Students start learning all STEM subjects (biology, physics, chemistry, and mathematics) from the 7th level. According to the Kazakh curriculum, the subjects of biology, physics, chemistry and mathematics are conducted separately, i.e., they are not integrated into the Science subject. However, the content of these courses is very close to the content of international standards for teaching middle and high school students (Toybazarova and Nazarova, 2018).

As it is known that one of the most important components of STEM education is Technology lessons. In Kazakhstani public schools, technology lessons start from the 5th level for middle school students and are taught until graduation from school. The content of the curriculum provides for the study of material in five cross-cutting educational lines: visual art (classical and contemporary art, digital art—photography, animation, media); decorative and applied creativity (materials, tools and technologies of arts and crafts); design and technology; culture in the house; culture nutrition.

Interestingly, in many public schools in Kazakhstan, girls and boys are divided into two groups depending on gender in technology lessons (Sputnik, 2022). For example, the Technology lessons program provided for boys in the study of design and technology includes the following components: basic structural, natural, artificial and non-traditional materials; tools and equipment for material processing; processing materials in various ways; design of products from various materials; manufacturing technology of national household items; monuments of world and Kazakhstani architecture; prototyping; Interior Design. The program for girls contains: basic textile, natural, artificial and non-traditional materials; tools and equipment for processing textile materials; processing of textile materials in various ways; design of products from textile materials; fashion industry, style and image, manufacturing technology of national clothing elements. Correspondingly, when boys study about “culture in the house” they learn about general information about the sources of electrical energy, the use and repair of electrical appliances and household appliances; repair and household work, organization and planning of the interior. Content of the program for the girls when they study “culture in the house” is: personal hygiene, home ecology; basics of crop production, decorative floriculture, landscape design; care and storage of clothes.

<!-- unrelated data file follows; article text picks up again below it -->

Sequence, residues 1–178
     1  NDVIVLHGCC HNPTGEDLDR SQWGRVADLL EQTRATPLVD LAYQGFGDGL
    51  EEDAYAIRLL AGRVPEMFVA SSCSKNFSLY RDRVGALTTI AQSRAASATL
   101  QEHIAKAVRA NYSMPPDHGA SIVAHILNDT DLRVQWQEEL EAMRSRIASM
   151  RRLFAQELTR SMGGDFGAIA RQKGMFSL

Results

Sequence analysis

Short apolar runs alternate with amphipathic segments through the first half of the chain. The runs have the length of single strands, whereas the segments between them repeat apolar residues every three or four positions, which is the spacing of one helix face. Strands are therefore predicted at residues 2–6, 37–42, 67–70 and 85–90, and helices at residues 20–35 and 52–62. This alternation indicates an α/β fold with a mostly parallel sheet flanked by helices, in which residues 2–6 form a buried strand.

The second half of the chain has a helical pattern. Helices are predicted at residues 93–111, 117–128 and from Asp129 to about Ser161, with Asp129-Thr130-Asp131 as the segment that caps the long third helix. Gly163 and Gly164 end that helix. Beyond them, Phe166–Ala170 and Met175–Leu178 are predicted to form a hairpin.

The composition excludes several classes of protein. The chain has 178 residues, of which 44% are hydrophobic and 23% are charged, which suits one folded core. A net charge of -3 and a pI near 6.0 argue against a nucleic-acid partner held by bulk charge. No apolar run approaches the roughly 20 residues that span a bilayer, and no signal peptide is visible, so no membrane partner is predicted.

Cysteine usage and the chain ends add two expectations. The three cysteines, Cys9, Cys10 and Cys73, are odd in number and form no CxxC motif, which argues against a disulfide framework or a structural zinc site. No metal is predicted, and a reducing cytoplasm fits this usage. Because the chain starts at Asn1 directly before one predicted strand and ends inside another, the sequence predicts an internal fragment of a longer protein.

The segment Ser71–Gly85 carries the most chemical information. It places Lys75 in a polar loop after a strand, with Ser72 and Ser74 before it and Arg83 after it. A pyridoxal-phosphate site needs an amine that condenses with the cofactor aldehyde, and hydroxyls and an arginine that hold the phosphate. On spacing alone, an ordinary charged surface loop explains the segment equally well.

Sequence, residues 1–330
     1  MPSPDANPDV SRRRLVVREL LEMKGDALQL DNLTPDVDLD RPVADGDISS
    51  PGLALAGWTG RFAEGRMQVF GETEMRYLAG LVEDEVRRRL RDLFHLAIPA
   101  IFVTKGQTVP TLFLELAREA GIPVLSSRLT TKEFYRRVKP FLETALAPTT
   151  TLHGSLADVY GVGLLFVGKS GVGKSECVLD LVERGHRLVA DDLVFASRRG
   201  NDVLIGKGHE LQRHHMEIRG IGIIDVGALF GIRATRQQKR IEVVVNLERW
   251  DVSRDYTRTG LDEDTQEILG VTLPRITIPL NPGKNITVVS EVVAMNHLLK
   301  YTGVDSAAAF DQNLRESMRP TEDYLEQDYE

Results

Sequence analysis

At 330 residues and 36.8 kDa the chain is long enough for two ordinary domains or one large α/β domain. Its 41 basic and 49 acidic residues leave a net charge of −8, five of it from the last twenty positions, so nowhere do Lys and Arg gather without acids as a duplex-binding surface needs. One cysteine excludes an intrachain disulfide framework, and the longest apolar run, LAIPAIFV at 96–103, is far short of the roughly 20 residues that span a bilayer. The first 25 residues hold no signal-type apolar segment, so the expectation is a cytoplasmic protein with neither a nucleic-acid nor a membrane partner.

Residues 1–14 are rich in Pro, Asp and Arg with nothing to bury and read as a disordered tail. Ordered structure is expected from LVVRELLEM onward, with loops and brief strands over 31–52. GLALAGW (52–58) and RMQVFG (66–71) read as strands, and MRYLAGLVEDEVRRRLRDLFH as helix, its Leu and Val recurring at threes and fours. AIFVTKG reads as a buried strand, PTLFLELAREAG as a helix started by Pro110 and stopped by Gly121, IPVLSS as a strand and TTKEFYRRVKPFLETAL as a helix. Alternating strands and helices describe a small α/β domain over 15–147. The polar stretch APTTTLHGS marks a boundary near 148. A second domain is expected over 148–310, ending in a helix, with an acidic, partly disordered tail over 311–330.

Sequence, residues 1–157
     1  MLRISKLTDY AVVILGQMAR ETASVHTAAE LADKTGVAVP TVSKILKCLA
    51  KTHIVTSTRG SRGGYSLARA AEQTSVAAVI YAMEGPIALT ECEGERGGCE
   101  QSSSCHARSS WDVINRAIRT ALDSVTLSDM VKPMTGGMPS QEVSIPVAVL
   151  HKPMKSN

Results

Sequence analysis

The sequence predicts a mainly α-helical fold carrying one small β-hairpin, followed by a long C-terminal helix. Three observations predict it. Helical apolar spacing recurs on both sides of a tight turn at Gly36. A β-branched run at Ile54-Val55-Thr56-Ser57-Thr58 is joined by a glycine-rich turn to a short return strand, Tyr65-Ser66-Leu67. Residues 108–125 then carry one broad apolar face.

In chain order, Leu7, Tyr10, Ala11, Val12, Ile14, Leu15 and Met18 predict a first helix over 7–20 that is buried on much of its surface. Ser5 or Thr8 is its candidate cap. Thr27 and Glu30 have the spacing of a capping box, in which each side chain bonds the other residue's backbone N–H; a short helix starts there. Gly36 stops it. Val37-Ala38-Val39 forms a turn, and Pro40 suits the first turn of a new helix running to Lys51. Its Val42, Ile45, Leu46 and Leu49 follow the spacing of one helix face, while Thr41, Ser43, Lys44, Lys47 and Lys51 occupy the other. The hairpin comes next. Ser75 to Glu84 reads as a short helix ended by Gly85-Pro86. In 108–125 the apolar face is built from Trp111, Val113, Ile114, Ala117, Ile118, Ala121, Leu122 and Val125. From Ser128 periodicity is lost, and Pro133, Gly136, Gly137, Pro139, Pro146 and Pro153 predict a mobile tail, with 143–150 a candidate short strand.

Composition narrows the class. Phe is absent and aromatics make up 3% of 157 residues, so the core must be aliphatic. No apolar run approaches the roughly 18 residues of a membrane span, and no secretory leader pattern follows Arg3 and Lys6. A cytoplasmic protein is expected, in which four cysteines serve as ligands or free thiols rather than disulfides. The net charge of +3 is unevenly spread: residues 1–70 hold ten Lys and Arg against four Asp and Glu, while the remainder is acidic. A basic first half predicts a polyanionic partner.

1.6. Education in Nazarbayev Intellectual School

“Nazarbayev Intellectual Schools (NIS)” is an autonomous educational organization accredited by The Council of International Schools (CIS), which was founded in 2008 at the initiative of the first president of the Republic of Kazakhstan. This is a series of educational institutions; there are currently 22 Nazarbayev intellectual schools across the country (NIS, 2022).

Nazarbayev Intellectual schools are designed to become an experimental platform that carries out development, monitoring, research, analysis, testing, and implementation of modern models of educational programs at the following levels: primary school (including preschool education and training), elementary school and high school.

For admission to the NIS for the middle and high school program, students must pass a special republican selection based on an exam that tests the mathematical and language skills of students at the end of the 6th level. Applicants who have passed the selection begin their studies at NIS from the 7th level. In NIS all students are provided with free 5 meals a day, school uniform, students who live outside regions of Almaty city are provided with free dormitory.

This educational institution can independently determine the training program, set evaluation criteria and requirements for applicants. Despite the fact that NIS are adapted the curriculum of the University of Cambridge A and AS-Level for middle and high schools, the STEM subjects here such as biology, physics, chemistry, math and technology, as well as in public schools, are taught separately.

In NIS, in technology lessons students are not divided into groups. In this lesson, students learn drawing technologies, design, learn to create different projects using different techniques and art materials. The complexity of using materials and techniques increases depending on the type of project, theme, features of the design of the product and its functional purpose. In addition to the STEM subjects, the subject “Global Development Perspectives” is taught at the NIS, where students discuss their role in society and acquire the basic skills necessary for global citizenship. In this lesson, students also openly talk about gender inequality and express their point of view. Also, as a one factor that helps to students to choose right career in the future is professional orientation work. Here, person who are responsible for the students’ professional orientation inform students about choosing a career, help them when entering a university, organize various seminars and invite guests from various industries so that graduating students make the right choice when entering a university.

Additionally, each NIS school in the Republic has its own engineering laboratories, where students are engaged in developing scientific and engineering projects at an extracurricular time. After completing their projects, students participate in various national and international competitions on projects and robotics.